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Board of Health seeks approval of tiered fee program
by Bill Baldowski
bbaldowski@neighbornewspapers.com
June 14, 2012 02:21 PM | 800 views | 0 0 comments | 18 18 recommendations | email to a friend | print
The Clayton County Commission was scheduled to consider this week a resolution which would increase the county’s environmental health fees.

At the commission’s June 5 meeting, Dr. Alpha Bryan, district health director of the Clayton County Board of Health, joined Clayton County Environmental Health Services Manager Ellis Jones in seeking a fee increase approval as its last increase was more than four years ago.

In addressing the commission, Bryan said that since the present fees were established in January of 2008, the board of health has seen “drastic increases in the cost of doing business.” Bryan also told the commission that her staff had implemented an entirely new process which is standardized primarily by the federal government and has been adopted by the state government.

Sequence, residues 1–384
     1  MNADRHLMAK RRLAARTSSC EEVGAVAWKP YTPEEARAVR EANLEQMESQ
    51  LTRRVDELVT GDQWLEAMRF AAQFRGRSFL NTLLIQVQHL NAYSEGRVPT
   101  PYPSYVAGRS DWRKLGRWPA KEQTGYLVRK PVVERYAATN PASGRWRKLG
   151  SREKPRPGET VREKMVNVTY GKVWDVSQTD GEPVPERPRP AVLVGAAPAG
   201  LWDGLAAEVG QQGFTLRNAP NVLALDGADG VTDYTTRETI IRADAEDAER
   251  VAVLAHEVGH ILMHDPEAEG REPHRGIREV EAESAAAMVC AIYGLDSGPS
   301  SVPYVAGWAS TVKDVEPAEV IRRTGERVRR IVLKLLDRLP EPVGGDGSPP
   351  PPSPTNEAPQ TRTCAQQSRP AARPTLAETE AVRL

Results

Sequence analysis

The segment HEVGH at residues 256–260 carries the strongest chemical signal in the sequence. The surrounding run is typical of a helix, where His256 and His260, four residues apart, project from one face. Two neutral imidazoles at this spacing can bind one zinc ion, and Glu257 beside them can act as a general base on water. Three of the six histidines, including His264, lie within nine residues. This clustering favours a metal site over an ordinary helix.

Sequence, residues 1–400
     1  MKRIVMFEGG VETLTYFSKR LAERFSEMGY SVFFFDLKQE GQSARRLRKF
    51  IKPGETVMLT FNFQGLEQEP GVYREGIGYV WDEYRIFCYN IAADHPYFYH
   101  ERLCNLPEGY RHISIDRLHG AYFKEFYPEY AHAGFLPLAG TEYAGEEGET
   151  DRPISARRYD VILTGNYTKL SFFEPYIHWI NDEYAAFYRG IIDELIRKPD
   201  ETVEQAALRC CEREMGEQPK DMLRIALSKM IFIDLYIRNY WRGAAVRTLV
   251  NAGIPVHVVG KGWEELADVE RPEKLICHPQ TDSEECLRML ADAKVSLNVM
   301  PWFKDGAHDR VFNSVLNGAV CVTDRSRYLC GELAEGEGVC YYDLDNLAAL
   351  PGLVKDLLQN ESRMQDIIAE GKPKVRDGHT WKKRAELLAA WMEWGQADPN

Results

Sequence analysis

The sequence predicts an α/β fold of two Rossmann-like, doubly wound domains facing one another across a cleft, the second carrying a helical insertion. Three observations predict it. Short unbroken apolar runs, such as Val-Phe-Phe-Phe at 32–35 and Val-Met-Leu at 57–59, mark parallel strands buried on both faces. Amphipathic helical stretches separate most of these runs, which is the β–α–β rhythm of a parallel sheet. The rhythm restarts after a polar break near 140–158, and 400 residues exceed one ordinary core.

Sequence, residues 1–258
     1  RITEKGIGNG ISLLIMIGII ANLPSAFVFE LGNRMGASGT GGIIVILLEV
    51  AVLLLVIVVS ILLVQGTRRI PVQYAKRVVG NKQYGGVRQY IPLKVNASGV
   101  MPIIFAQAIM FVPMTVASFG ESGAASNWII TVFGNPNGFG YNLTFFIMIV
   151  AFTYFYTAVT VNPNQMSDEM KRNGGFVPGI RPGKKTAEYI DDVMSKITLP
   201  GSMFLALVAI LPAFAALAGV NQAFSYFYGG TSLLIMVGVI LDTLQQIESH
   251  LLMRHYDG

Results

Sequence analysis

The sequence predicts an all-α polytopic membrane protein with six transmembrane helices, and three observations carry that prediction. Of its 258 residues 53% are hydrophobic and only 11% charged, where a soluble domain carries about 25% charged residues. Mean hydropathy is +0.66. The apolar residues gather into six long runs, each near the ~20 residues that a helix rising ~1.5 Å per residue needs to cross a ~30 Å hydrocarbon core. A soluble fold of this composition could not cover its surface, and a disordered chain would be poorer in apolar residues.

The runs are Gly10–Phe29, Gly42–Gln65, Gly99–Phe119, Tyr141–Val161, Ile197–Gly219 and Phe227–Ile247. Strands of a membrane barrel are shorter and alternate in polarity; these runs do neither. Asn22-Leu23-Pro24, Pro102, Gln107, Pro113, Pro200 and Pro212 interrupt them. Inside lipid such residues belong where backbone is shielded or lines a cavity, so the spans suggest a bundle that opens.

“This process has been passed on to the local government level in order to perform many of the inspections which are being done by the Department of Environmental Health Services,” Bryan said.

In a prepared statement concerning the request, Jones said health service expenditures for its responsibilities continue to climb.

“These fees are related to the cost associated with inspecting and permitting food service establishments, tourist accommodations, pools and spas,” he said.

Jones said officials with Clayton Environmental Health Services have taken a close look at all the services it provides.

According to information provided to the board of commissioners by the Clayton County Board of Health, the department is proposing, for the first time a “tiered payment structure,” in regard to fees.

As it now stands, the board of health charges a flat $125 permit fee to temporary food services.

According to Bryan, the vision of the Clayton County Board of Health is to improve the overall health of the Clayton community, which is accomplished by health promotion and protection, preparedness, planning and prevention which are “evidence-based and data driven.”

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